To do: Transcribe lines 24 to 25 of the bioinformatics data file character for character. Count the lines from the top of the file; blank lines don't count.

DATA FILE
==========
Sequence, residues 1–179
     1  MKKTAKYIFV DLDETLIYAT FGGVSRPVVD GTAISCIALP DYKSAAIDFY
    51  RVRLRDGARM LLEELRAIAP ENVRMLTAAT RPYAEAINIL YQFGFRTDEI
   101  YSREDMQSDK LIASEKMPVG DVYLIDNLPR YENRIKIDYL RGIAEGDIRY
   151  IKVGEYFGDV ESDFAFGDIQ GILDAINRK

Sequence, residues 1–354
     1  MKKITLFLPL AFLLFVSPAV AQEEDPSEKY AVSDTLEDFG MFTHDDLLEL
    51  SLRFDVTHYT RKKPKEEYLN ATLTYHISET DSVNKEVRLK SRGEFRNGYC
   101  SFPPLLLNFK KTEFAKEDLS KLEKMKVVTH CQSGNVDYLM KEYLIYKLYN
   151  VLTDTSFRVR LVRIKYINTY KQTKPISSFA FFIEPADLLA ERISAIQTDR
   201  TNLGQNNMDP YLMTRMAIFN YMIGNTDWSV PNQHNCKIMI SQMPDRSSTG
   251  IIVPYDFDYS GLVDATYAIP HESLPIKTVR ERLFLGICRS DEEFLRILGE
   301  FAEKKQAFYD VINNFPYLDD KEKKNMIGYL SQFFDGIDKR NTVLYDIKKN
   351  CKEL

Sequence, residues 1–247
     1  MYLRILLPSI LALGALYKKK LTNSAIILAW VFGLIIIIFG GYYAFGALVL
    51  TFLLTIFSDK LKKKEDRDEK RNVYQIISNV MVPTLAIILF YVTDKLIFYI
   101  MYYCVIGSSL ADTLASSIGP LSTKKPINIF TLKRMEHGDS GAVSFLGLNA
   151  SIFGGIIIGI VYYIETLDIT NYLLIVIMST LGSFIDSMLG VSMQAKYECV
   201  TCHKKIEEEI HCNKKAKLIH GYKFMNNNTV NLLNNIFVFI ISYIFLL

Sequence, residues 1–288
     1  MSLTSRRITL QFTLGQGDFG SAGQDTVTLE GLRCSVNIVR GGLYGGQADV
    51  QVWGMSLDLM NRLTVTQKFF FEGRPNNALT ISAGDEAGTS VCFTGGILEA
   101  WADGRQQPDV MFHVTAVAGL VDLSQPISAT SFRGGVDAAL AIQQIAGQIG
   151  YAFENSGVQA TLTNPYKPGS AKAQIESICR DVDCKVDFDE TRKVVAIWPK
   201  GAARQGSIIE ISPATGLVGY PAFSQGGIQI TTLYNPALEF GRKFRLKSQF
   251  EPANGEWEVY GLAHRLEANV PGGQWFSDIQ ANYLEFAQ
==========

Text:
   101  WADGRQQPDV MFHVTAVAGL VDLSQPISAT SFRGGVDAAL AIQQIAGQIG
   151  YAFENSGVQA TLTNPYKPGS AKAQIESICR DVDCKVDFDE TRKVVAIWPK